2010 (English)In: Social Psychiatry and Psychiatric Epidemiology, ISSN 0933-7954, E-ISSN 1433-9285, Vol. 45, no 6, p. 665-674Article in journal (Refereed) Published
Abstract [en]

OBJECTIVE: Assertive community treatment programmes are increasingly common worldwide but without much knowledge of their long-term effect. We investigated whether the implementation of such a programme would improve symptomatic and functional outcome 5 years later. METHODS: Naturalistic cohort study between 1995 and 2000 of all first-episode psychosis patients (n = 144) in Uppsala County, Sweden. We compared a 3-year period before (non-mACT) and after the introduction of a modified assertive community treatment (mACT) programme in 1998. Five-year outcome was assessed for symptoms and functioning and the two co-primary outcome measures were positive and negative symptoms. Regression models were adjusted for a propensity score based on multiple baseline variables and use of antipsychotics at 5-year follow-up. RESULTS: Contrary to our hypothesis, patients in the mACT group, compared to those in the non-mACT group, had a borderline significant increased risk of having a poor 5-year outcome regarding positive psychotic symptoms [adjusted odds ratio (OR) 3.21, 95% confidence interval (CI) 0.97-10.63]. There was no difference at the 5-year follow-up between the mACT and non-mACT group regarding negative symptoms (adjusted OR 1.65, 95% CI 0.48-5.66), or any of the secondary outcome measures: global assessment of functioning, hazardous alcohol use, use of illicit drugs, working or being in education, independent living, subjective satisfaction with life or suicide. Results were similar in subgroup analyses. CONCLUSIONS: The implementation of a modified assertive community treatment was not followed by subsequent improvements of 5-year outcome on a group level for patients with first-episode psychosis.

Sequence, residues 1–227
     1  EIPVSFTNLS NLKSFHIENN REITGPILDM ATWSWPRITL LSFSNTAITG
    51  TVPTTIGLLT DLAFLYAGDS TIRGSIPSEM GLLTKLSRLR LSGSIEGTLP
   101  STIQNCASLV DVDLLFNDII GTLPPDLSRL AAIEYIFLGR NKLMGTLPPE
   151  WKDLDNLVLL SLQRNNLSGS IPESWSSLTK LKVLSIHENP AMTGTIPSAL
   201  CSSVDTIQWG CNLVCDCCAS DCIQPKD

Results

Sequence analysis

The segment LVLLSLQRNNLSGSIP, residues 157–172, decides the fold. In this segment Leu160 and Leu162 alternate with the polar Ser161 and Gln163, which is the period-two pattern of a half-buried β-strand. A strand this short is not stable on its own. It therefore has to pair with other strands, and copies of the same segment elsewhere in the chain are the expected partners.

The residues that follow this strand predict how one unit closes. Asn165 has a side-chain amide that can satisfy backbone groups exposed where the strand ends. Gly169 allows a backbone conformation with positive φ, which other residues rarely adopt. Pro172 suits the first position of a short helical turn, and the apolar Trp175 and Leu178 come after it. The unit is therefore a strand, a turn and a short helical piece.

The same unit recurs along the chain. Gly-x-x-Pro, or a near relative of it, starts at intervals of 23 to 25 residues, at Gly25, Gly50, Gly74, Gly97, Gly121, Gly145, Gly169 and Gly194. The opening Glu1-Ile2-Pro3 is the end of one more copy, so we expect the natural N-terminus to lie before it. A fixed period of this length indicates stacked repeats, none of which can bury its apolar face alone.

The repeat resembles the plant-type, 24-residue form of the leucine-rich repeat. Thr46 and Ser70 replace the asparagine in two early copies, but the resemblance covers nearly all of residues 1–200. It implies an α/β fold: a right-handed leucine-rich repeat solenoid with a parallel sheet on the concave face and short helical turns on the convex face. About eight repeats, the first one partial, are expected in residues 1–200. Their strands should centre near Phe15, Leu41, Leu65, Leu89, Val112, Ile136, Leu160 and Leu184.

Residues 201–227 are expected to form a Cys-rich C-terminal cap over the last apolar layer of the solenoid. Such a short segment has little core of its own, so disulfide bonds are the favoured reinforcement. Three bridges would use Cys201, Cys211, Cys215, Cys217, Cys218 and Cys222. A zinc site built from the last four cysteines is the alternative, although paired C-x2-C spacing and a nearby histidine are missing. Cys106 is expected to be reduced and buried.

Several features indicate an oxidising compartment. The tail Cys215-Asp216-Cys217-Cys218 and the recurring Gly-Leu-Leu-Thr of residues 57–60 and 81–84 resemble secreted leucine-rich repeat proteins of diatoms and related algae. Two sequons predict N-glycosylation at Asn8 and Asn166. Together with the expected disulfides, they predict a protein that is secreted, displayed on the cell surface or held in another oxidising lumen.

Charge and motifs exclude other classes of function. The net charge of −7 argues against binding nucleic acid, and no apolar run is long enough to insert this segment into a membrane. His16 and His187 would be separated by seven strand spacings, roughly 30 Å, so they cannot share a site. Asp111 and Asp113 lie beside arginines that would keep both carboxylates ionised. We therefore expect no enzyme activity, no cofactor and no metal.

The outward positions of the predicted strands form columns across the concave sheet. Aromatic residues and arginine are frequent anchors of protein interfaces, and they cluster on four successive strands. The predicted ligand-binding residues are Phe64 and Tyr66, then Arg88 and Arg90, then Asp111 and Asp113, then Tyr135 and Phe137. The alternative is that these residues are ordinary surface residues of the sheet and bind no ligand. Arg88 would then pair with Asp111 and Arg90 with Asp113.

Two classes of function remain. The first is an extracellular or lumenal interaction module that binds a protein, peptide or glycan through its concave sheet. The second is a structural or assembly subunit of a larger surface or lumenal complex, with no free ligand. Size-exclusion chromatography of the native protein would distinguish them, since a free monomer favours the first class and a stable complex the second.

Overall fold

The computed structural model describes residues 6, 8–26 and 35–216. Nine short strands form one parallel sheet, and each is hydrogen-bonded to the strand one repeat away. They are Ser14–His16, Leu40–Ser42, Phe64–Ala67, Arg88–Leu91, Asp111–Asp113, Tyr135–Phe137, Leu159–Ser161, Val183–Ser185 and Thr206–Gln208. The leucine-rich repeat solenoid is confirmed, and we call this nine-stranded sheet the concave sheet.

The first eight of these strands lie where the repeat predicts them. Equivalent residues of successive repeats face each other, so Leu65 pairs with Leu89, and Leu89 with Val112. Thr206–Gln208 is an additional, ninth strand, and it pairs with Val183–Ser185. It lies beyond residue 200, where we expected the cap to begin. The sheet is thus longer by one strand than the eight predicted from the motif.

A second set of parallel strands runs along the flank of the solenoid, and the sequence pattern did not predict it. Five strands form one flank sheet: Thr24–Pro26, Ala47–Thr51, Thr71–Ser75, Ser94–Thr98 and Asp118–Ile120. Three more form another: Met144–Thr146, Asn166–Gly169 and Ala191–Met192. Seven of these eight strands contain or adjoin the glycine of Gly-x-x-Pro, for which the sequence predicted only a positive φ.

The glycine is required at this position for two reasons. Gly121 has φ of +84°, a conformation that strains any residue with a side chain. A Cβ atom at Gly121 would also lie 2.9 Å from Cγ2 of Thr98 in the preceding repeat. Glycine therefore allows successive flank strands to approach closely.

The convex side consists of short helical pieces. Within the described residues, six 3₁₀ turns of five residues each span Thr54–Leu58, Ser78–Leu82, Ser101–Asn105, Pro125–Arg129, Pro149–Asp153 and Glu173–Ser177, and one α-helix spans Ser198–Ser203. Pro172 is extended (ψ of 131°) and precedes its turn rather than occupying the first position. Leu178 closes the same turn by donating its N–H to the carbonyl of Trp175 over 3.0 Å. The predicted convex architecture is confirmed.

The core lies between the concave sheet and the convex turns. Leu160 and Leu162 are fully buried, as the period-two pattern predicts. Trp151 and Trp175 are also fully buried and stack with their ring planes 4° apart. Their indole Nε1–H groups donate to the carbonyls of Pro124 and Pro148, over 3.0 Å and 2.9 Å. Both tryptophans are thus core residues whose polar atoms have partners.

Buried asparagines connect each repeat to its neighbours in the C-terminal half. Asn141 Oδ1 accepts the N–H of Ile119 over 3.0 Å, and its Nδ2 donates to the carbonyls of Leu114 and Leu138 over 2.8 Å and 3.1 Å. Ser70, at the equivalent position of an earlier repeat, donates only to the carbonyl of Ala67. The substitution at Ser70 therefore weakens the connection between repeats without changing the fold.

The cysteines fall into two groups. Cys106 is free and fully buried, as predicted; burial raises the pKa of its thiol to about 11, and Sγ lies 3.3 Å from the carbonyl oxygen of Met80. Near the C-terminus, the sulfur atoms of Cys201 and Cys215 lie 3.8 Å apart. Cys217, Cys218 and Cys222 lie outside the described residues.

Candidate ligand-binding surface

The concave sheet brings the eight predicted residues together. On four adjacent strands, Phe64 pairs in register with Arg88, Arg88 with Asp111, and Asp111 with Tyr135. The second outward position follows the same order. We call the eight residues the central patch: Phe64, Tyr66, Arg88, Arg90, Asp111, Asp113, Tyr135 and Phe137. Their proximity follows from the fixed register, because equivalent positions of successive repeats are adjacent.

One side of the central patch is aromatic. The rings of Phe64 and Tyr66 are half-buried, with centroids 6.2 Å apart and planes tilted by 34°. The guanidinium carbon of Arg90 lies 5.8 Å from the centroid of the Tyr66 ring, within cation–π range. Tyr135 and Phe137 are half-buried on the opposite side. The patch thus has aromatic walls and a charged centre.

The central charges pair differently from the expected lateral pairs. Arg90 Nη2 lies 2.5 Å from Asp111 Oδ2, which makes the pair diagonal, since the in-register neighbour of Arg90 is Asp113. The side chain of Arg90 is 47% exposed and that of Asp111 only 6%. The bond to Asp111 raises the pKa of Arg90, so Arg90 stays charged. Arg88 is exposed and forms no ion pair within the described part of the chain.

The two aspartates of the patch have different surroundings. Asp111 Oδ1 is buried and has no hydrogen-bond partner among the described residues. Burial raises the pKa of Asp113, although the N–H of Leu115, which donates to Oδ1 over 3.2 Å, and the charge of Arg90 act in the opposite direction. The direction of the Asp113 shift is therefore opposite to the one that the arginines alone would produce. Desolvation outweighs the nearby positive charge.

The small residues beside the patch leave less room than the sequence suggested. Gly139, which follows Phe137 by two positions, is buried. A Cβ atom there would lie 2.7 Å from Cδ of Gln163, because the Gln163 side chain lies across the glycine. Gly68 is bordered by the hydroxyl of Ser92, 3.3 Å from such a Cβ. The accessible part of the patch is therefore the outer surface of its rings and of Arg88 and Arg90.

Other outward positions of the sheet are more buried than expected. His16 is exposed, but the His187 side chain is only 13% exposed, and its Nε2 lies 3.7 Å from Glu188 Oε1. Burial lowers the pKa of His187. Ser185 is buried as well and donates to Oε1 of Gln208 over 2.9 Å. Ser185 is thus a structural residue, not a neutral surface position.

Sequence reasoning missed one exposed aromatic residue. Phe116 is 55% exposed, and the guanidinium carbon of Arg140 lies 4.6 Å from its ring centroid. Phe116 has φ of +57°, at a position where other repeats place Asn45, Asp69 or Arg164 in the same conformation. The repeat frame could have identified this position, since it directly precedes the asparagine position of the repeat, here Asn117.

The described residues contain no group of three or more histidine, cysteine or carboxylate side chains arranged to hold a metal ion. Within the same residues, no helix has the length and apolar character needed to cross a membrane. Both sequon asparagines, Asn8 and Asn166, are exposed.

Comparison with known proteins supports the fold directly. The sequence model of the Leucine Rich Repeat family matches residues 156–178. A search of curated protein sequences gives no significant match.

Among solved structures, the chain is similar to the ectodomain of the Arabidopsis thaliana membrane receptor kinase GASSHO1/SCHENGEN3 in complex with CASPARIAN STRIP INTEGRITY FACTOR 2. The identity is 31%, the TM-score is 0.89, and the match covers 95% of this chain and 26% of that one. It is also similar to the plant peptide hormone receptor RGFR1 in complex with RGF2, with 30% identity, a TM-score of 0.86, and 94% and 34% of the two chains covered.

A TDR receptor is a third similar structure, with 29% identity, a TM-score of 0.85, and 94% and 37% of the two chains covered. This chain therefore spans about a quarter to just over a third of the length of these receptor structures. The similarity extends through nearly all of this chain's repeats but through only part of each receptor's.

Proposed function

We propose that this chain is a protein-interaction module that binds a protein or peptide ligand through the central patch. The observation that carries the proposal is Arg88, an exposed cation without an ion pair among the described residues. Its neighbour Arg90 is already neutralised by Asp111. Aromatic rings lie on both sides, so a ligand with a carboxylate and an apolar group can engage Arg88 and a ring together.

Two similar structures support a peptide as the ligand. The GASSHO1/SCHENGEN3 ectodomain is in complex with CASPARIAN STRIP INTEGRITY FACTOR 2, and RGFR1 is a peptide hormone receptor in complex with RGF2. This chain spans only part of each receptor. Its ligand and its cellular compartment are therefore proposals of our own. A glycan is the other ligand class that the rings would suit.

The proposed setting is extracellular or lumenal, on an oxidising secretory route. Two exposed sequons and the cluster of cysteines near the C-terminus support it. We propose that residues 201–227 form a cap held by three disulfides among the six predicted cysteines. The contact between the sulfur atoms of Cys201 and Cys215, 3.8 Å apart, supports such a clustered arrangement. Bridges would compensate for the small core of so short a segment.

Keywords
Schizophrenia, Psychotic disorders, First-episode psychosis, Cohort studies, Community mental health services
National Category
Psychiatry
Identifiers
urn:nbn:se:uu:diva-113782 (URN)10.1007/s00127-009-0108-3 (DOI)000277942500009 ()19652896 (PubMedID)
Available from: 2010-02-04 Created: 2010-02-04 Last updated: 2017-12-12Bibliographically approved
2. Association between symptomatic remission and functional outcome in first-episode schizophrenia
Open this publication in new window or tab >>Association between symptomatic remission and functional outcome in first-episode schizophrenia
2009 (English)In: Schizophrenia Research, ISSN 0920-9964, E-ISSN 1573-2509, Vol. 107, no 2-3, p. 232-237Article in journal (Refereed) Published
Abstract [en]

Although operational criteria for remission in schizophrenia have recently been proposed, the association of this definition with broader functional outcome has not yet been established in first-episode patients. The severity criteria for remission consist of a score of mild or less on eight core symptoms of schizophrenia. We applied the severity criteria for remission to a sample of patients with first-episode schizophrenia (n = 76) in order to explore the association with functional outcome five years after first presentation to mental healthcare. We evaluated whether other factors than those included in the remission definition predicted good function in logistic regression models. The discriminatory capacities for remission and other factors for good function were tested using C-statistics. The proportions of remitters and non-remitters having good function were 73% and 17%, respectively. Furthermore, remitters had a higher level of subjective satisfaction with life. In comparison with non-remission, symptomatic remission was strongly associated with good function: odds ratio 13.2, 95% confidence interval, 4.3 to 40.3. A duration of untreated psychosis of three months or less as compared with a longer duration was associated with having good function at a five-year follow-up independently of remission status. The discriminatory capacity for symptomatic remission between having good function vs. not was acceptable (C-statistic = 0.78), which was significantly improved to an excellent discriminatory capacity by adding duration of untreated psychosis less than three months (C-statistic = 0.83, p = 0.04). In conclusion, core symptoms of schizophrenia have an important limiting effect on functioning and subjective life satisfaction in the early course of the illness.